We’re on a bit of a mission here at Makerpad to make it known that code and no-code are not necessarily as different as people assume.

Makerpad’s founder Ben talks a LOT about no-code and code being two rungs of the same ladder of ‘software development’. 

We’re not making this up. He said it here, for example. And here.

Here too.

Oh and here.

You get the idea.

Joking aside, he preaches it because it’s true.

No code is not an anti-code movement. In fact, the whole no-code movement is built on the lines of code that have created the tools we have come to love. It’s these lines of code that allow us to build and automate without having to learn to code ourselves.

The spectrum of no-code, low-code, and code

Let’s look at this idea of a spectrum.

There are many entry points to an idea, and lots of ways to approach a problem. For some, like those in the no-code community, that entry point is no-code and the approach is through visual development.

Many who start their journey with no-code tend to become more familiar and comfortable with the world of code. As you use Zapier more, you may become more curious about APIs. Or maybe when you discover the power of Airtable’s scripting block you start to wonder how to write your own script. Or you might tinker with low-code to help refine your no-code-based project, and realize there’s a world of opportunity on the other side of the coding knowledge barrier.

So, you feel ready to dive into coding.

How do you continue your learning once you’ve pushed the boundaries of no-code? Where do you start?

The answer, in short, is to know what it is you want to get done, and go from there.

We’ve partnered with Codecademy to get advice on where to start if you feel ready to start transitioning from no-code to code. Codecademy is a leading interactive online educational platform, and is the perfect jumping off point for anyone looking to graduate beyond no-code.

Building mobile apps

No matter where you’re at on your no-code journey, you’ve probably already experienced the joy of creating an app powered by a spreadsheet. Maybe you’ve even published one or more apps to the app store using a tool like Adalo.

If you want to take your mobile app skills further, Codecademy say there are a few coding languages to choose from. For iOS mobile apps, check out Swift. If you’re interested in developing apps for Android, then you may want to look into Java or Kotlin.

If you’re more keen on creating an app that spans different operating systems, then you could start by learning JavaScript with the React Native framework.

Relevant Codecademy courses

Learn JavaScript

Learn Kotlin

Build iOS Apps with SwiftUI (this course just launched)

Build Basic Android Apps with Java

Building web apps

In the no-code world, Bubble is often a go-to platform for creating web apps. Its powerful integrations open up a multitude of possibilities, like building your own SaaS, or the next AirBnB.

With code, there are many ways to start building a web app and you have several different coding languages at your disposal: JavaScript, Python, and Ruby, to name just a few.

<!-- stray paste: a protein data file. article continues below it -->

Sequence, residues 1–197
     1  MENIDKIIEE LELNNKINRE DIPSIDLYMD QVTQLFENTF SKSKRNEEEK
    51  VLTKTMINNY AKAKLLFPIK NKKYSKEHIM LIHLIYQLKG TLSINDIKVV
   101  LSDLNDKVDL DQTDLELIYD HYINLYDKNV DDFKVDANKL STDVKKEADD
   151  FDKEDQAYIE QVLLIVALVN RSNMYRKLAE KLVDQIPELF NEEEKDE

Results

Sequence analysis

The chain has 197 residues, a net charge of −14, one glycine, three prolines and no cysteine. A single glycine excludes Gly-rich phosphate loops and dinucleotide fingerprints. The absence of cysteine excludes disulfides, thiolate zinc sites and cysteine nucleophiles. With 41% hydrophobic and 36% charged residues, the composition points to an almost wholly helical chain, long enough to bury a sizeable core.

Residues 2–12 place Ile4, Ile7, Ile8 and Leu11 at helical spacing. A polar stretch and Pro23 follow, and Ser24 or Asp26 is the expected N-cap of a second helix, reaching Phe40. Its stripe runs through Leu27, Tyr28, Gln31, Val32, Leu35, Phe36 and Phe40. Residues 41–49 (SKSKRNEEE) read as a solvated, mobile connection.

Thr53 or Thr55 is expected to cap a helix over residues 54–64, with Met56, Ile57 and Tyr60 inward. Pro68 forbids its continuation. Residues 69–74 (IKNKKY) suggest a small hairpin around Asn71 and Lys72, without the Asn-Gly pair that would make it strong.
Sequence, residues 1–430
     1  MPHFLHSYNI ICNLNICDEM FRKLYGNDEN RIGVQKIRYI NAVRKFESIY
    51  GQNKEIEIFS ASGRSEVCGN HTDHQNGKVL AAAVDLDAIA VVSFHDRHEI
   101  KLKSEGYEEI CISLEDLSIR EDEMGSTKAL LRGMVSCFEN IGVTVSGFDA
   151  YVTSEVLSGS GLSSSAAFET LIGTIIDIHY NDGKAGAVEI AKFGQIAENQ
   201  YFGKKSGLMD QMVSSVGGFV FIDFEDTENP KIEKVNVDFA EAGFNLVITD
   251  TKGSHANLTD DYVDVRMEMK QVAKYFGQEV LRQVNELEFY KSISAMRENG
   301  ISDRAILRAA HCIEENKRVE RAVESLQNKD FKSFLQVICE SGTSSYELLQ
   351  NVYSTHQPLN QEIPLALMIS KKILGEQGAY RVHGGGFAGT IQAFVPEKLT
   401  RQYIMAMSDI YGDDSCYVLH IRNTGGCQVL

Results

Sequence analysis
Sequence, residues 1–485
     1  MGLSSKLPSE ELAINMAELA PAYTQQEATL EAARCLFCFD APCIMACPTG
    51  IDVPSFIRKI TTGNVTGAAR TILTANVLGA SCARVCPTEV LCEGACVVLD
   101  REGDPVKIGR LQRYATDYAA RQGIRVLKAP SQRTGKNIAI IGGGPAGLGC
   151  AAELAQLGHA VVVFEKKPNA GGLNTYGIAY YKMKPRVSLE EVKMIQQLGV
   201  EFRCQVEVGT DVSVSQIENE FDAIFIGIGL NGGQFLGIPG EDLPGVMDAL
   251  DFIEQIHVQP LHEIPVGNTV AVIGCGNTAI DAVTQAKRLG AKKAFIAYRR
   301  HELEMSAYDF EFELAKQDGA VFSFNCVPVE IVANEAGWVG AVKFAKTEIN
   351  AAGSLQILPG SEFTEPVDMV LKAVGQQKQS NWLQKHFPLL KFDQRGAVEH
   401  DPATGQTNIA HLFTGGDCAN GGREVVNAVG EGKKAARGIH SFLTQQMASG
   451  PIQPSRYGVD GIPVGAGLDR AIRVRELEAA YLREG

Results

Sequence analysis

If you’re just starting out, JavaScript is a robust and very adaptable language that can be used to create the front-end or back-end of your web app.

Relevant Codecademy courses

Learn JavaScript

Create a Front-End App with React

Create a Back-End App with JavaScript

Building websites

Thanks to tools like Webflow, Vev, and Squarespace, designing a beautiful website has never been easier!

But what if you want to explore building your own website from the ground up?

Learning HTML — and specifically CSS — will allow you to create a responsive website.

If you want your website to be interactive, then JavaScript is your friend. With JavaScript, you can create event listeners that respond to various actions, e.g. when someone clicks on a form, or scrolls down a page, presses on a key, and so on.

Relevant Codecademy courses

Learn HTML

Learn CSS

Learn Responsive Design

Using code in databases

Airtable is arguably the most common ‘database’ used in no-code. And in 2020, Airtable launched a scripting block.

Yes, they bridged the gap between no-code and code, allowing users to use pre-made scripts or write their own to customize their tables.

If you want to write your own scripts for the Airtable scripting block, then you need to learn JavaScript! If you are interested in querying databases, however, SQL is a great language to learn.

Relevant Codecademy courses

Learn SQL 

Developing your own API

Perhaps your no-code stack thrives off APIs and you’re wondering where else you could take your stack by developing your own API. Or maybe you’re feeling limited by the APIs available and need to code your own.

Whatever your reason, if you’re looking to develop your own API, you’ll want to learn a back-end language to interact with the API. This could be something like JavaScript, Java, C-related languages, Go, or Python.

Relevant Codecademy courses

Learn Java

Learn Python

Other specific use cases

In both the Makerpad community and the wider no-code community in general, there are several use-cases people commonly try to use no-code for. For example, Chrome extensions, online course platforms, or content delivery systems for live-streaming.

We asked Codecademy what coding languages people should turn to if they’re trying to build projects like these.

Building a Chrome extension? You’ll want to learn JavaScript syntax.

Online course platform? You have a whole bunch of languages to choose from, including JavaScript, the React framework, Ruby on Rails, Go, and MongoDB.

What about streaming live content? For that, the Codecademy team suggested exploring JavaScript with WebSockets.

Relevant Codecademy courses

Learn Ruby


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